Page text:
By Fergus Walsh
BBC News medical correspondent
Inside the lab where experts are working on a swine flu vaccine
British scientists have begun work on a vaccine against the H1N1 swine flu virus.
Their efforts are under way at the National Institute for Biological Standards and Control (NIBSC) in Hertfordshire.
The NIBSC is one of a small group of influenza centres around the world which will create a seed vaccine strain which could then be grown in bulk by manufacturers.
Its scientists need a steady hand to drill a hole in a hen's egg.
For that is the first step in the creation of a vaccine against the swine flu virus.
Scientists at NIBSC, which is part of the Health Protection Agency, say eggs are ideal for growing up flu viruses.
"They are like virus production factories," its principal scientist Dr John Wood explained.
"Eggs have been used for decades to make flu vaccines. It's an old technology but it works very well."
I was allowed into one of the containment labs which will be used to make the vaccine but not where the live virus is being used.
This is not because of infection but because I might contaminate the vaccine production process.
It involves scientists painstakingly injecting a small amount of virus into each egg which will then be incubated over the weekend.
By Monday, they should have enough virus to begin the next stage.
Two different techniques are being used.
First, "reverse genetics", where scientists take the H and the N surface proteins from the H1N1 virus and mix them with a laboratory virus known as PR8.
This creates a harmless hybrid virus which can be used for the vaccine.
The second technique involves injecting both the H1N1 and PR8 viruses into eggs and allowing the hybrid strain to be created through a natural re-assortment of their genes.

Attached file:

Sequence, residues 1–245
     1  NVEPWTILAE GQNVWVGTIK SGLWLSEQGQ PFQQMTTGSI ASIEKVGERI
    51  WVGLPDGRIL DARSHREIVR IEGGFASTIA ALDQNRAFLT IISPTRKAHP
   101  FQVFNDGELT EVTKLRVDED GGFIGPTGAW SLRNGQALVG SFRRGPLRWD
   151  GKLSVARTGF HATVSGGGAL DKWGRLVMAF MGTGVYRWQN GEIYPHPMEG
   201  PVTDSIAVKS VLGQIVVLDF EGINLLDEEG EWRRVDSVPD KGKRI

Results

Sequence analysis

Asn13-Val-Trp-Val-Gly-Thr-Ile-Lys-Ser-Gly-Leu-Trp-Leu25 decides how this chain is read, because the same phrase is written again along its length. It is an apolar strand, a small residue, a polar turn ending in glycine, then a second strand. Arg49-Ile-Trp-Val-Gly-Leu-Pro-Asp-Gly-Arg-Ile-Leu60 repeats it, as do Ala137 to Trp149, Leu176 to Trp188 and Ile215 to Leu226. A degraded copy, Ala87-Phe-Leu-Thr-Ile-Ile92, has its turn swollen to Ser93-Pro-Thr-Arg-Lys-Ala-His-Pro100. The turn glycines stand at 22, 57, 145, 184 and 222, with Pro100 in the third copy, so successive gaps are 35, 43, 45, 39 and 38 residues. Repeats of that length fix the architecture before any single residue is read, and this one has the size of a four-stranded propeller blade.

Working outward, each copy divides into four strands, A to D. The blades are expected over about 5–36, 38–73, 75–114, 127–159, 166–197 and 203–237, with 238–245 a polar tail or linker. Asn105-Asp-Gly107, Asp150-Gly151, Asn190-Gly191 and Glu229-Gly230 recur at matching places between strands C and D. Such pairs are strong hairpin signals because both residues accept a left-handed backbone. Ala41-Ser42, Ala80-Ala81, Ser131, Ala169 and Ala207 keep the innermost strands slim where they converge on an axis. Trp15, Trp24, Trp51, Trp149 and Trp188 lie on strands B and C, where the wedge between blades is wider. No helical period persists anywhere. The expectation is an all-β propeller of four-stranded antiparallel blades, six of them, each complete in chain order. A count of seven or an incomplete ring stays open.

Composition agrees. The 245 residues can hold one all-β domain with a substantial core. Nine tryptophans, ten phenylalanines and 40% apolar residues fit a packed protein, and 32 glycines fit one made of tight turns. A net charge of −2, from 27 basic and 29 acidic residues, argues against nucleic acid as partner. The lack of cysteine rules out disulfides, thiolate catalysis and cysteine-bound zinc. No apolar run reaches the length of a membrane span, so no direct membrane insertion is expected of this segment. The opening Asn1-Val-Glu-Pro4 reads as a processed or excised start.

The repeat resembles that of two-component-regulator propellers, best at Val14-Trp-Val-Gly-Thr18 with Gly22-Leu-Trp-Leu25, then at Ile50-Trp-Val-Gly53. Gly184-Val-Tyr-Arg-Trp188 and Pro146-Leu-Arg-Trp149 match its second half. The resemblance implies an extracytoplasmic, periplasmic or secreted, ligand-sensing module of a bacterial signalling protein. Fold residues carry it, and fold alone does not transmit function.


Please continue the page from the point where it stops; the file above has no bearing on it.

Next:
The vaccine will work by tricking the immune system into thinking it has been infected with the H1N1 swine flu virus so that it creates antibodies against it.
Then, if subsequently exposed to the virus, the immune system will destroy the invader before it can cause illness.
The first seed strain of H1N1 swine flu vaccine should be ready in three to four weeks. It will then take another four or five months for vaccine manufacturers to produce the vaccine in bulk.
On Wednesday, when the WHO raised the threat level to five - one short of a pandemic, its director general stopped short of asking vaccine manufacturers to switch to an H1N1 strain.
Dr Margaret Chan said this was because it was not yet clear how severe the virus would be.
"It will be an extremely difficult decision for the World Health Organisation and governments to make," said Dr Wood.
"Manufacturers are halfway through producing their normal vaccine to combat winter flu.
It could take manufacturers up to five months to mass-produce the vaccine
"If they are asked to stop doing that it means there will be shortages of the normal seasonal vaccine and vulnerable people could be susceptible if there was an epidemic of ordinary flu this winter".
The WHO has a matter of weeks in which to make that decision if it does not want to lose valuable time.
No-one should expect a swine flu vaccine to be available before the Autumn. In fact most of us will have to wait a lot longer.
Around 300 million doses of seasonal flu vaccine are produced globally each year.
The vaccine includes three different strains of human flu so each dose takes three eggs to produce.
If manufacturers switched to producing a single pandemic strain vaccine, they might feasibly triple the number of doses to around 900 million.
But it may not be that simple.
We do not know how well the virus will grow in eggs or how much antigen will be needed to create an effective vaccine.
It may require two injections to provide adequate immunity.
With a world population of more than six billion, there clearly will not be enough to go round and the disease will hit poorer countries hardest because they cannot afford to buy the vaccines.
The UK government has contracts with two manufacturers to produce 120 million doses of pandemic vaccine - enough for two doses per Briton, if required.
But unless you are a front-line healthcare worker or someone involved in an essential service, do not be surprised if you are not among the first to receive it.
If a pandemic is declared and vaccine production begun then most of us are likely to have to wait until well into next year before we are offered it.
That is why it is so important to try to prevent an epidemic in Britain now. That would buy us valuable time in which to create a vaccine.